Obama listening to both sides, to reaffirm commitment to Israel in speech

President Obama assures Israel, assails Assad
During a press conference in Israel, President Obama said the U.S. would do "whatever is necessary" to prevent Iran from getting a nuclear weapon. He also called the alleged use of chemical weapons in Syria a "game changer" that might involve the U.S. in the conflict. David Martin reports.

(CBS News) President Barack Obama is in the West Bank city of Ramallah on Thursday on the second day of his Middle East visit to meet with Palestinian Authority President Mahmoud Abbas.

In Gaza, Palestinian militants fired four rockets into a southern Israeli town far from the president. One landed near a home, the other hit an open field. No one was hurt.

Obama in West Bank; Rockets fired at Israel from Gaza

The White House deferred comment on the rocket launches, preferring not to give them added significance. Officials also said Hamas, which is the rival of the Palestinian Authority government based in Ramallah is intimidated and unnerved by Mr. Obama's presence in the region, thereby strengthening Mr. Obama's commitment to the Palestinian Authority president.

President Obama said he came to the West Bank to listen to Palestinian Authority President Mahmoud Abbas. Listening is the best the American president can do when neither the Palestinian nor the Israelis have the political strength or inclination to restart peace talks.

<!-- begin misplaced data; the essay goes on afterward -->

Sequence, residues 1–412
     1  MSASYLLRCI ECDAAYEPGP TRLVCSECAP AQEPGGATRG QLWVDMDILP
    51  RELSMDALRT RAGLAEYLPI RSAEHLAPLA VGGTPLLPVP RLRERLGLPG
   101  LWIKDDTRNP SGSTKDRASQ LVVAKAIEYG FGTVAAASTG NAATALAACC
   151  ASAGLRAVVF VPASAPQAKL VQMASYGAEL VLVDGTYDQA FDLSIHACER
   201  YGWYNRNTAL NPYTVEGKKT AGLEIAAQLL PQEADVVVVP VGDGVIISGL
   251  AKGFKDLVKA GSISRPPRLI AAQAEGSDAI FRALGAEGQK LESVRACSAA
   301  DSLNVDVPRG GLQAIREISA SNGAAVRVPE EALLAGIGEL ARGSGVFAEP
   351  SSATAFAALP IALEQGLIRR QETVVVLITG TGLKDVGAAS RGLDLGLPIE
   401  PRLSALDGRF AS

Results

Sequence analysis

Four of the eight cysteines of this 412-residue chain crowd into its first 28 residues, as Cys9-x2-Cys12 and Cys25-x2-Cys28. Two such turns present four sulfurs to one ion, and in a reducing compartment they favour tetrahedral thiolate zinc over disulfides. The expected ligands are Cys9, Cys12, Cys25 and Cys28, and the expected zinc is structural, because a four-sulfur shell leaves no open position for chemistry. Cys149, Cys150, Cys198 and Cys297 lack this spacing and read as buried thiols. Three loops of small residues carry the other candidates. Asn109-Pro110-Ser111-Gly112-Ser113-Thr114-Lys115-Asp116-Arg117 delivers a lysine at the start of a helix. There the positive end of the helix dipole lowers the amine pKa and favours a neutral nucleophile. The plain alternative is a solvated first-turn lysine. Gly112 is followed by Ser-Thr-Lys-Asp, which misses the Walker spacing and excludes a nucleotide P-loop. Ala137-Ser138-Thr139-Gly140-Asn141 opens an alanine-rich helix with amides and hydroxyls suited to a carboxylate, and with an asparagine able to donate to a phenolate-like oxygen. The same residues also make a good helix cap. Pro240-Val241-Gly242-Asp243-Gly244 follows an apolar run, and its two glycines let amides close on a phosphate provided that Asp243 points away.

Israel's security, to no one's surprise, dominated Mr. Obama's talks with Israeli Prime Minister Benjamin Netanyahu Wednesday. The president pledged to use military action, if needed, to keep Iran from obtaining a nuclear weapon.

"All options are on the table. We will do whatever is necessary to prevent Iran from getting the world's worst weapons," he said.

For the first time, Netanyahu accepted Mr. Obama's timeline for Iran to produce a nuclear bomb -- one year. But there's still disagreement about the pace of Iran's enrichment of uranium. Israel wants to stop Iran before it's so close to making a bomb that military action might be too late.

Netanyahu said, "There's not a lot of time and every day that passes diminishes it, but we do have a common assessment on these schedules on intelligence."

Amid conflicting reports of chemical weapons use in the Syrian civil war, the president said the evidence was inconclusive, but he doubted Syrian claims that rebel forces attacked with chemical agents. Mr. Obama said, "I am deeply skeptical of any claim that in fact it was the opposition that used chemical weapons."

Both leaders worked hard to look and act more comfortable around each other - conspicuous effort to soften the image of a relationship built on necessity and undermined by animosity. They joked about each other's children with the president bringing up Netanyahu's sons.

Mr. Obama joked, "I did inform the prime minister that they are very good looking young men who clearly got their looks from their mother."

Netanyahu replied, "Well, I could say the same of your daughters."

"This is true," Mr. Obama said.

And Mr. Obama went out of his way to address the prime minister informally, using his nick\name "Bibi" as freely as if they were lifelong friends.

The president returns to Jerusalem Thursday for a much-anticipated speech at the convention center where the president will urge Israelis to re-engage in the peace process and also pledge again full U.S. commitment to the Israeli government in its dealing with the confrontation that may come with the government of Iran.

For Major Garrett's full report, watch the video in the player above.